The Under-the-Radar Brand Making Prairie Dresses for Art History Nerds
Horror Vacui designs guileless floral dresses for the Laura Ashley-obsessed.
Horror vacui is a Latin term dictating a fear of empty spaces. Not so much physical spaces, but visual ones. Imagine a lushly-patterned Persian carpet or the intricate furrows of a Medieval woodcut — no matter where the eye travels, there’s always something to look at. It’s why people feel compelled to fill blank walls with art, and why houses devoid of furniture can feel so sterile and lonely. Though I’d never heard of the term before, as a compulsive buyer of useless tchotchkes it resonated deeply; which is perhaps why I’m so drawn to the ditsy, calico dresses made by German label Horror Vacui.
Horror Vacui designs roomy, floral dresses that are marked by a sense of uncorruptible virtue. They look like what a five-year-old might wear for a make-believe tea party mixed with the prim sensibility of a teacher at a one-room schoolhouse. Their aesthetic fits in perfectly with the prairie dress trend that’s been cresting for an entire year thanks to brands like Batsheva and Doen, but Horror Vacui lacks the winking irony of Batsheva or the bohemian romance of Doen. Instead, Horror Vacui’s designs seem to be completely free of the sardonic humour that makes prairie dresses remotely wearable in 2019. The only conceivable demographic for these dresses is an overgrown, Laura Ashley-obsessed Kindergartener and yet somehow, I’m completely charmed by the brand’s charming guilelessness.
Something about Horror Vacui’s designs feels utterly pure and uncorrupted by outside influence, as if were the brainchild of some sprightly gnome who lives in a European forest. In actuality, Horror Vacui was founded in 2014 by the entirely human Anna Heinrichs, whose focus on “very detailed and opulent aesthetics” was influenced by the founder of the Arts and Crafts movement William Morris, whose byzantine botanical art perfectly illustrates the concept of horror vacui. Morris also designed some of the earliest prints for Liberty of London, whose fabric Heinrich uses exclusively to craft her confectionary designs. With their scalloped edges and billowing proportions, Horror Vacui dresses resemble nightgowns; Heinrich admits that much of her initial inspiration came from historical illustrations of sleepwear worn by European aristocrats in the 1600s. The brand’s Instagram features a smattering of historical paintings of babies wearing the type of crisp cotton gowns that look like they belong to the brand.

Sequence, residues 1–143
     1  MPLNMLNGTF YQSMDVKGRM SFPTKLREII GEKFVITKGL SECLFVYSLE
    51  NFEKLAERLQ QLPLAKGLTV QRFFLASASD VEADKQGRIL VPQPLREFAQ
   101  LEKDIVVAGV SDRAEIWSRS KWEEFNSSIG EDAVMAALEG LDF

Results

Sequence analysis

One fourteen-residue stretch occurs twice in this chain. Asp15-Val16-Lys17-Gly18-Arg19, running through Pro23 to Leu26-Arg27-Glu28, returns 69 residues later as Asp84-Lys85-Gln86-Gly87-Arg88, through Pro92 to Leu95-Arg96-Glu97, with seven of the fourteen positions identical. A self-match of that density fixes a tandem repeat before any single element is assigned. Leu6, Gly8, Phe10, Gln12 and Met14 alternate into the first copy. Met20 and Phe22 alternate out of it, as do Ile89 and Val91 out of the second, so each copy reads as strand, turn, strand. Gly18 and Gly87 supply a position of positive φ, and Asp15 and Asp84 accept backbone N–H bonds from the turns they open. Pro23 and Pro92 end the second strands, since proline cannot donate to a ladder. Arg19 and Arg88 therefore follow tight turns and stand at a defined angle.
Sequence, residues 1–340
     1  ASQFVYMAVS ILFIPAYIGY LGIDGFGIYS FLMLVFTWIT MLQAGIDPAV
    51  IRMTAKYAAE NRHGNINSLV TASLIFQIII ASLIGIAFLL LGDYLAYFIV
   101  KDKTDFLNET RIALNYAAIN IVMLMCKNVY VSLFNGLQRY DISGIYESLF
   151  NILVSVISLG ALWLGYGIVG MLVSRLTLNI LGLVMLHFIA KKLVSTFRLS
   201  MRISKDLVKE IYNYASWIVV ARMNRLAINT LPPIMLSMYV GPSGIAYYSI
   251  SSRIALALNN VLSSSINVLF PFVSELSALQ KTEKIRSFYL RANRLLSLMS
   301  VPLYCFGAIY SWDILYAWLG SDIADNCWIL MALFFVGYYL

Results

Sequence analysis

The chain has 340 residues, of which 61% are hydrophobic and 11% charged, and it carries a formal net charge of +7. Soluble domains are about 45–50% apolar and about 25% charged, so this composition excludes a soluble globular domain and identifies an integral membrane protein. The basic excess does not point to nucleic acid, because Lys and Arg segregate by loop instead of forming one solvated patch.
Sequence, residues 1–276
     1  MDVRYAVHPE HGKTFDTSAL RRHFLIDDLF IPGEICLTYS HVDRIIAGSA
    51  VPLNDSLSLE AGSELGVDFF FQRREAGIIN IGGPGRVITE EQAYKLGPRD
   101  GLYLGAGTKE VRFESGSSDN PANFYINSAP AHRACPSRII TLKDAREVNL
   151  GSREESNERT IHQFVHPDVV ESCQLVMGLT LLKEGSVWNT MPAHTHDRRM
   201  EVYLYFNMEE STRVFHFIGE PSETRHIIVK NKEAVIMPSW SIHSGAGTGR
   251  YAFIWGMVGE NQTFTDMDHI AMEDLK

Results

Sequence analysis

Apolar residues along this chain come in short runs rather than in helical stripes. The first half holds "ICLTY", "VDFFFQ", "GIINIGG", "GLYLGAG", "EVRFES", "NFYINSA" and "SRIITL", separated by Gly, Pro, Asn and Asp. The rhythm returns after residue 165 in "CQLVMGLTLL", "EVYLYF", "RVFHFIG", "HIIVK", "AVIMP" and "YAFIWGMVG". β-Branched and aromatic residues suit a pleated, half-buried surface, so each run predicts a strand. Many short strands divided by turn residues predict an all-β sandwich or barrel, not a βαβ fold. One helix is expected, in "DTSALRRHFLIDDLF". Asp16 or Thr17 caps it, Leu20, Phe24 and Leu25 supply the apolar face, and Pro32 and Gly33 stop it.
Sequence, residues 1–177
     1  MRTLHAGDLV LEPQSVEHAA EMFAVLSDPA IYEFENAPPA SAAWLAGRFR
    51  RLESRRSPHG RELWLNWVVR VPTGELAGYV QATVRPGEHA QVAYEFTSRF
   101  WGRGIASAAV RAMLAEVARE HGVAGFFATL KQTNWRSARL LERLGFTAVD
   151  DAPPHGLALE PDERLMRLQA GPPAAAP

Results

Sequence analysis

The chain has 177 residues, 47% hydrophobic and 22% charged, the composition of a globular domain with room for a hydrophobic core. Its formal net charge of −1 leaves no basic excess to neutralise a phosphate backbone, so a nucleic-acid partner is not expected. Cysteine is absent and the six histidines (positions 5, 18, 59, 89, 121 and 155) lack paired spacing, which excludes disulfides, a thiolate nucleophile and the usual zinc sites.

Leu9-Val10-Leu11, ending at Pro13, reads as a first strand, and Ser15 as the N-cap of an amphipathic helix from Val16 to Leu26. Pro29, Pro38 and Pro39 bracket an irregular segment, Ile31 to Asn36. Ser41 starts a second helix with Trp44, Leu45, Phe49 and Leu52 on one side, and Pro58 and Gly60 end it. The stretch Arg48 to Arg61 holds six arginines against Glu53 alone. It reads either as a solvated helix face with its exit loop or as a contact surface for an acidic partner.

The clarity of Heinrich’s aesthetic vision could have something to do with being headquartered in Munich, Germany. The brand’s lack of proximity to any major fashion city lends it an air of cult-like isolation.
At upwards of 800 smackeroos, I will not be owning one of these frilly, sack-like dresses any time soon. However, I will be filling up any horror vacui in my brain with visions of these intricate designs for the foreseeable future.